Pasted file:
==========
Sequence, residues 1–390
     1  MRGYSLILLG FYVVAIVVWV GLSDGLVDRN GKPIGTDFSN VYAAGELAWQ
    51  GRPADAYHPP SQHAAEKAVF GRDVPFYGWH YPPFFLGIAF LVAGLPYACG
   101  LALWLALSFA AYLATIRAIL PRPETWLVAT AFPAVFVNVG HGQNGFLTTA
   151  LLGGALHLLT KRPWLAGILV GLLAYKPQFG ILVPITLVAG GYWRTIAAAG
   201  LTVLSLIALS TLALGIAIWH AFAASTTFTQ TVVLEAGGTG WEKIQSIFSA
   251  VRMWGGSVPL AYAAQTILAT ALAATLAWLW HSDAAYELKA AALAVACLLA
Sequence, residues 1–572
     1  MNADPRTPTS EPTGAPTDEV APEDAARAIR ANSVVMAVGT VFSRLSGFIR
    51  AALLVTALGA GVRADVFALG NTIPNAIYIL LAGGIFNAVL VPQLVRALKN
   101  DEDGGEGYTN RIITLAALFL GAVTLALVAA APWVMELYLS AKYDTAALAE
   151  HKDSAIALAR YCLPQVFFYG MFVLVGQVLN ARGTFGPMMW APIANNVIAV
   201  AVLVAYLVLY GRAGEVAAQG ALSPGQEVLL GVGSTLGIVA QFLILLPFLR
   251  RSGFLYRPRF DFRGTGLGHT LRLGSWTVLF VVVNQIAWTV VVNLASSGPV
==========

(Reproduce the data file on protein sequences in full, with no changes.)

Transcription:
Sequence, residues 1–390
     1  MRGYSLILLG FYVVAIVVWV GLSDGLVDRN GKPIGTDFSN VYAAGELAWQ
    51  GRPADAYHPP SQHAAEKAVF GRDVPFYGWH YPPFFLGIAF LVAGLPYACG
   101  LALWLALSFA AYLATIRAIL PRPETWLVAT AFPAVFVNVG HGQNGFLTTA
   151  LLGGALHLLT KRPWLAGILV GLLAYKPQFG ILVPITLVAG GYWRTIAAAG
   201  LTVLSLIALS TLALGIAIWH AFAASTTFTQ TVVLEAGGTG WEKIQSIFSA
   251  VRMWGGSVPL AYAAQTILAT ALAATLAWLW HSDAAYELKA AALAVACLLA
Sequence, residues 1–572
     1  MNADPRTPTS EPTGAPTDEV APEDAARAIR ANSVVMAVGT VFSRLSGFIR
    51  AALLVTALGA GVRADVFALG NTIPNAIYIL LAGGIFNAVL VPQLVRALKN
   101  DEDGGEGYTN RIITLAALFL GAVTLALVAA APWVMELYLS AKYDTAALAE
   151  HKDSAIALAR YCLPQVFFYG MFVLVGQVLN ARGTFGPMMW APIANNVIAV
   201  AVLVAYLVLY GRAGEVAAQG ALSPGQEVLL GVGSTLGIVA QFLILLPFLR
   251  RSGFLYRPRF DFRGTGLGHT LRLGSWTVLF VVVNQIAWTV VVNLASSGPV